Climate change is an odd sort of prisoner’s dilemma

by Milan on May 3, 2010

in Climate change, Economics, Ethics

The ordinary prisoner’s dilemma

People often describe climate change as an example of the prisoner’s dilemma – a thought experiment that supposedly teaches something about when people will cooperate and when they will not.

This thought experiment is based around two criminals who have been caught. Each has the choice to either squeal on his partner or stay silent. If both stay silent, they each get a six month prison sentence. If one squeals, that one goes free in exchange for their testimony and the other partner gets life in prison. If they both squeal, they both end up with ten years in prison.

The thought experiment can be tweaked in many ways, but the basic point usually being made is that it is in each prisoner’s best interest to squeal, regardless of what the other person does. If the other person stays silent, you are better off squealing, since it is better to walk free than to take six months in jail. If other person squeals, you might as well squeal too, since it is better to get ten years than to get life. Since you don’t know in advance what the other prisoner will do, the safest choice is to squeal.

The climate change version

The situation with climate change is rather different.

First, there are more players. To simplify, let’s boil it down to the ones that really matter. There are the big emitters: the United States, the European Union, China, Japan, etc. Then there are the places where massive deforestation is happening, like Brazil and Indonesia. For the purposes of this thought experiment, that are all imprisoned simultaneously. They can either cooperate to stop climate change or ‘defect’ by pursuing near-term economic gain at the cost of the health of the planet.

The cost of dealing with climate change is estimated at around 2% of global GDP, provided we start early and design mitigation policies in intelligent ways. That, then, is the cost of cooperation – the lifetime garnishing of your wages. The cost of everybody defecting is far worse – likely catastrophic or runaway climate change. Of course, this doesn’t happen immediately. You have a window in which everything is basically normal (the Arctic is melting, but who cares?) followed by a period that is extremely unpleasant. To tie it back to the legal analogy, it is a bit like all of the players getting a year in which to go off and do whatever they like, followed by harsh imprisonment for the rest of their lives.

The logic of the prisoner’s dilemma remains. If everybody else defects and you take the high road, paying 2% of your GDP to finance the transition to carbon neutrality, you still end up imprisoned with everyone else after the freebie year is over. Indeed, this problem is more acute than it looks on first inspection. Because the climate change we are producing will persist for hundreds or thousands of years, it is quite possible that those making the decisions today will die before the freebie year ends, leaving the period of harsh imprisonment to future generations.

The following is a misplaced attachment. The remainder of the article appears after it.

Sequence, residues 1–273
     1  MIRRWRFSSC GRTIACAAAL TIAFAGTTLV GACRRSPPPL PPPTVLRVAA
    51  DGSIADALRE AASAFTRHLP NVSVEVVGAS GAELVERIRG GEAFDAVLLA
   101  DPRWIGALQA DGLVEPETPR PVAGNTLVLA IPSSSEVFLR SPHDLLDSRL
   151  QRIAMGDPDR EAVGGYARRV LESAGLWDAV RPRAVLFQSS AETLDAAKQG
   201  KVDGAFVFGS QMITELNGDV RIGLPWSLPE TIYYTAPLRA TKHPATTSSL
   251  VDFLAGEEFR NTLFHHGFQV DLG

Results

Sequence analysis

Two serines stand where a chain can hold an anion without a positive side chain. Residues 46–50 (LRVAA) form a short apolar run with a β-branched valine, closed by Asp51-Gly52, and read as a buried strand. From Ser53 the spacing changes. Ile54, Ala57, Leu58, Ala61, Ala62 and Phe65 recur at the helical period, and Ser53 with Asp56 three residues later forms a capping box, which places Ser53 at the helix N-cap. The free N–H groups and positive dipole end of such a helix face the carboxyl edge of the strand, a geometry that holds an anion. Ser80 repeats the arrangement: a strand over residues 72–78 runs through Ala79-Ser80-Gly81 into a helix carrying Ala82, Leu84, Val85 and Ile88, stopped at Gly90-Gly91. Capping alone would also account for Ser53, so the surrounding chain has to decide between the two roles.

Avoiding that requires farsightedness and a willingness to take our ethical obligations towards future generations seriously. The evidence so far – ever-increasing global emissions – suggests that we haven’t yet absorbed that lesson. The future of humanity will be affected to a dramatic extent by whether or not it does get absorbed while we still have time.

We do have one leg up on the hypothetical prisoner’s in the original example. States can observe what other states are doing, and can reward those who are cooperating in the joint venture of dealing with climate change, while punishing those who act in a selfish and shirt-sighted way.

There is also another perspective on that 2% wage garnishing. As this site argues, dealing with climate change is mostly a matter of moving beyond fossil fuels. While doing so involves abandoning certain opportunities for energy and wealth, it also involves living in a cleaner and safer world. In short, there may be major advantages to be had from the push to carbon neutrality; the wage garnishing might not be so bad.

Report a typo or inaccuracy

{ 1 comment… read it below or add one }

Byron Smith May 8, 2010 at 2:44 pm

those who act in a selfish and shirt-sighted way
Get your eyes off those shirts! ;-)

Leave a Comment

{ 1 trackback }

Previous post:

Next post: